Effects of Learning and Lack of Sleep on the Brain

New research confirms something that many probably already knew: Learning new things helps to ‘rejuvenate’ the brain while lack of sleep undoes that effect.

I can definitely attest to the sleep deprivation part. There have been a few really long plane flights (New Zealand, South Africa, Thailand) combined with time zone shifts and minimal sleep that have left me struggling to do simple things like calculating the gratuity to add to a bill or to maintain any sense of direction once we are on the ground. A good nights sleep does quite a bit toward addressing this.

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Websites in a Blink

I really enjoyed Malcom Gladwell’s book Blink and noticed that a recent article in Nature provides further evidence that all it takes is a ‘blink’ to decide if a web site is worthy of attention or not.

Lindgaard and her team presented volunteers with the briefest glimpses of web pages previously rated as being either easy on the eye or particularly jarring, and asked them to rate the websites on a sliding scale of visual appeal. Even though the images flashed up for just 50 milliseconds, roughly the duration of a single frame of standard television footage, their verdicts tallied well with judgements made after a longer period of scrutiny.

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High Tech Road Reflectors

Mavromatic has an article about a company that has created road reflectors that are capable of measuring a vehicles speed and using a built in camera, capture the license plate number (and presumably issue you a ticket).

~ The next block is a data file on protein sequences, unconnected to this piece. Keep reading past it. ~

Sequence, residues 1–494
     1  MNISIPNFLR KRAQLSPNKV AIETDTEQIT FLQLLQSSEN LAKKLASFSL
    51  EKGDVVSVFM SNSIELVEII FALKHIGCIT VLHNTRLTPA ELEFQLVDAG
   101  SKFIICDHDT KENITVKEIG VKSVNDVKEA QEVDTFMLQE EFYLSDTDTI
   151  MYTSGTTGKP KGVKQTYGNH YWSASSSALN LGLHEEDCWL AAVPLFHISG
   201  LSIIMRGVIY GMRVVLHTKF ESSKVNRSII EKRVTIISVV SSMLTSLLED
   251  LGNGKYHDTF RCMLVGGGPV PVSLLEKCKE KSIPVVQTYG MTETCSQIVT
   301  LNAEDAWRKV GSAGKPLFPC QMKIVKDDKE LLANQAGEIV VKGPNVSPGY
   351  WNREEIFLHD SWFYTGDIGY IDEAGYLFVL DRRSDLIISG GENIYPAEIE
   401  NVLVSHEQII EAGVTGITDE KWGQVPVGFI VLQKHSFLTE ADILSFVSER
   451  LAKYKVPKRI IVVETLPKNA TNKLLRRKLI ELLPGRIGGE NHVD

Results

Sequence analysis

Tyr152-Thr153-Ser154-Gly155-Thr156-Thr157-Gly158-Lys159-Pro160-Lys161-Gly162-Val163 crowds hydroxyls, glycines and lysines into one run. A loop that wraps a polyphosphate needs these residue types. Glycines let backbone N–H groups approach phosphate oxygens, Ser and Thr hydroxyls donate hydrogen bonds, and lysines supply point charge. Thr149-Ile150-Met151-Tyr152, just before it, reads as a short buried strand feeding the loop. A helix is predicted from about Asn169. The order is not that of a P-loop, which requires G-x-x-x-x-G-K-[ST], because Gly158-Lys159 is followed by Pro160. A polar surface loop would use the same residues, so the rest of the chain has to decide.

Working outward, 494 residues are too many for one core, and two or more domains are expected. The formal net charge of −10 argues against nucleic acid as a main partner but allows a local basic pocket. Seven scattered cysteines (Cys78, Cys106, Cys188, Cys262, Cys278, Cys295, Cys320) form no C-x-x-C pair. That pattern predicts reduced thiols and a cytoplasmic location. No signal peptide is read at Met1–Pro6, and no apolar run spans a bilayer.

I just wonder how well these things would do in a climate that regularly requires snow removal (and potentially inadvertent camera/detector removal).

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Running In the Rain

The BBC have an interesting article titled “Do you get less wet if you run in the rain?“. The article delves into the ‘serious’ mathematics and physics to consider in answering the question. I won’t spoil the conclusion — read the article.

However, I did appreciate one of the post comments which reminded me of my Intelligence and Effectiveness rant from the other day:

Alternatively, ignore the maths and get an umbrella.

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iPod Dangerous To Your Health

The Guardian note that Doctors issue warning on iPod finger, the latest hi-tech ailment. Not surprisingly, you can develop a repetative stress injury from most anything, including your favorite MP3 player, the Apple iPod.

“Handheld music machines are extremely popular and users are constantly using small, difficult buttons with the same finger in a repetitive motion,” said Carl Irwin from the British Chiropractic Association. “The nature of modern technology means that these devices are only going to be getting smaller, and I would not be surprised if hand and finger related injuries become one of the most common repetitive strain injuries that chiropractors treat.”

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World Usability Day

Visit the World Usability Day site and take in the world-wide activities that are happening today. This one sounded entertaining (in Auckland, New Zealand)

A hiliarious remote control shootout! Eight attendees vied for the title of “Owner of the most unusable remote control”.